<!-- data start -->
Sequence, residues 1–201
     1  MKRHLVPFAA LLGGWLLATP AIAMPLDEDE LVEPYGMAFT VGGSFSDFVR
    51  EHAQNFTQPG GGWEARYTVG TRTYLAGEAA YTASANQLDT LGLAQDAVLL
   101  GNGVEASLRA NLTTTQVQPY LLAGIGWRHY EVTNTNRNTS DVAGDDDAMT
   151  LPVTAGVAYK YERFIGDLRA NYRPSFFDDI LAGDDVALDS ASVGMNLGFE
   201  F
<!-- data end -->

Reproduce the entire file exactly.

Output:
Sequence, residues 1–201
     1  MKRHLVPFAA LLGGWLLATP AIAMPLDEDE LVEPYGMAFT VGGSFSDFVR
    51  EHAQNFTQPG GGWEARYTVG TRTYLAGEAA YTASANQLDT LGLAQDAVLL
   101  GNGVEASLRA NLTTTQVQPY LLAGIGWRHY EVTNTNRNTS DVAGDDDAMT
   151  LPVTAGVAYK YERFIGDLRA NYRPSFFDDI LAGDDVALDS ASVGMNLGFE
   201  F